"The Story Behind the Shot"
Truk Lagoon's Top 5 Most Challenging Dives - Part II
Truk Lagoon's Top 5
Challenging Dives - Part II
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Read "Part I": "Truk's Lagoon's Top 5 Most Challenging Dives"
Diving the wrecks of Truk Lagoon over the past 20 years has produced many memorable experiences but none as challenging as the top 5 listed in this article. Below are my accounts of the top two. My friends and dive team members, Keisuke Yokota and Eri Umino concur with the ratings in this list. For background and the other top 3 wrecks please see the link above.
#2 The Amagisan Maru
The TelegraphThe telegraph is a key reference for navigating around the lower engine room. If there is a single dive etched into my memory it was a hair-raising one several years ago on a foray into the heart of the Amagisan Maru. The Amagisan was torpedoed and sank in 190’/58m with the top of the wreckage at 110’/33m. This wreck appeals to divers with a wide range of skills from advanced to expert. However, the lower engine room of this 450’ merchant ship is complex and not for everyone. The ship lays 75 degrees on its port side making it extremely disorienting 3 levels down inside the wreck at 180’/55m. To make matters worse, the visibility is often poor and the stairwells are blocked by debris. The Amagisan Maru Torpedo striking the Amagisan Maru.
Entering the lower engine room is easy but, like a maze carved out of hedges, exiting is the hard part. On my first “memorable” exploratory dive I become momentarily lost in the hazy water. Losing your bearings even for a mere few minutes at that depth seems like an eternity. Without citing the half-dozen rules I violated let me just say it was complacency that nearly caused my demise. After this humbling experience, I went back to the Amagisan engine room a week later with a proper plan and imprinted the route to memory. It took 3-4 progressive dives to learn this section of the wreck but when I was done it became as familiar to me as my own bedroom.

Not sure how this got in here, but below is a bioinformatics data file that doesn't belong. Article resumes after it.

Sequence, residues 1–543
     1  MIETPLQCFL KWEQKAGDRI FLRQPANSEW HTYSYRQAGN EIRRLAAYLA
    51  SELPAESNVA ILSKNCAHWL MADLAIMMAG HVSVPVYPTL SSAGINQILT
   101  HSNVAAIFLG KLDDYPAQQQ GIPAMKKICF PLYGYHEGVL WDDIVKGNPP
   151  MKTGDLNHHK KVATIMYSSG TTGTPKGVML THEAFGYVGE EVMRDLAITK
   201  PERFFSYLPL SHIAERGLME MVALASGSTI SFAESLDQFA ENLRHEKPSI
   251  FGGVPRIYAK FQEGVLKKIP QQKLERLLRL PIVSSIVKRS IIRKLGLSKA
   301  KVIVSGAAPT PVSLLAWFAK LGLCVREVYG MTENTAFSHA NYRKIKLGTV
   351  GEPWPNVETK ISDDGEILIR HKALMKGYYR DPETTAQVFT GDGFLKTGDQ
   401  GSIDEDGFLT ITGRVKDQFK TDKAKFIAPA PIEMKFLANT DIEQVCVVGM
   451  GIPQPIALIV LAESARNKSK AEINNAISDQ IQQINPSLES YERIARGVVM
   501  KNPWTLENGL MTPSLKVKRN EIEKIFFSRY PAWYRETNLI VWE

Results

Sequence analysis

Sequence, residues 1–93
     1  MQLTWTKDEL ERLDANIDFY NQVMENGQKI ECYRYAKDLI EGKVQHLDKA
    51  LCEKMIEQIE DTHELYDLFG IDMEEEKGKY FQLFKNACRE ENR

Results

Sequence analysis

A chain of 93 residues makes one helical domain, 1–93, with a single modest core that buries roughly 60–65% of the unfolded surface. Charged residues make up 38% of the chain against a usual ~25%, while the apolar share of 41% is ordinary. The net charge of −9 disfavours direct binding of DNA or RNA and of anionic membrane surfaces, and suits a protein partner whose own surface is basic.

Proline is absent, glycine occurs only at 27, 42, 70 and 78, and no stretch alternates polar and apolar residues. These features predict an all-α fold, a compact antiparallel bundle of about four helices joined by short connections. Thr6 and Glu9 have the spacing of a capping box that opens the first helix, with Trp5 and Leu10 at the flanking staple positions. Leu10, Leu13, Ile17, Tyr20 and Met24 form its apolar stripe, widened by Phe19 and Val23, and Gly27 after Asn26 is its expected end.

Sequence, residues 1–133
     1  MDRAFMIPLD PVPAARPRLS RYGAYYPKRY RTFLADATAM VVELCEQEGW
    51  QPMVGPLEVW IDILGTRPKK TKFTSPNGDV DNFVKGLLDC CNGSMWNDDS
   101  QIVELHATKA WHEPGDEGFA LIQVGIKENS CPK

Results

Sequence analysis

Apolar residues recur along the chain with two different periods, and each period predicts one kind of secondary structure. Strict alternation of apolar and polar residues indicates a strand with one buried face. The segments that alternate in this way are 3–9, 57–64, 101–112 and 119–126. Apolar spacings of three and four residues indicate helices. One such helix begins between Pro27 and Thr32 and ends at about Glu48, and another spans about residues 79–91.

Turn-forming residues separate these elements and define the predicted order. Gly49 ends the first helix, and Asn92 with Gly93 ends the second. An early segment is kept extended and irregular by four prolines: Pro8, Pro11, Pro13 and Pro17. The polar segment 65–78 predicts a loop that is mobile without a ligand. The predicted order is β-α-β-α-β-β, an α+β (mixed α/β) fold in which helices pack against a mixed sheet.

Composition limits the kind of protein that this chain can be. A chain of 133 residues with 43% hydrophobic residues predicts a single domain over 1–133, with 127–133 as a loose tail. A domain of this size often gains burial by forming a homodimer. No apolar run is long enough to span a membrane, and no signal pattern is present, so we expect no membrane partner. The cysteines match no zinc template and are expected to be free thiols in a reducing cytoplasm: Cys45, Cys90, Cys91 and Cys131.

Phone BoothOnly remnants of the wooden phone booth remain with the handset at the end of the white cord. There are some interesting attractions inside the engine room and knowing there are very few who have seen them makes the dive more exciting. The telegraph and master controls are within a few feet of each other and are an important reference for navigation. Moving away from the control room there is a decayed wooden phone booth (right photo) with handset, cable and ringer still intact. Of course, the usual racks of gauges, valves, whatchamacallits and thingamabobs are plentiful and cool to look at. Diesel powered cargo vessels were modern technology in the 1930's and 1940's while today it looks archaic. This engine room is one of the largest I have explored and have yet to see it all.
The TelegraphKeisuke examines the telegraph in the hazy engine room.
The ExitKeisuke exits the engine room through the skylight.
Engine RoomThe Upper Engine Room
#1 Aikoku Maru
Aikoku MaruJapanese merchant raider, Aikoku Maru in WWII.
The Control RoomKeisuke and Umi explore the control room in the heart of the Amagisan Maru.
This 500’ long merchant raider met a fiery end when the entire forward half of the vessel erupted in a massive explosion during "Operation Hailstone". The blast killed over 700 men and annihilated half of the ship. The upper engine room collapsed but the lower section is partially intact. Navigating to it at over 180’/55m is no easy task.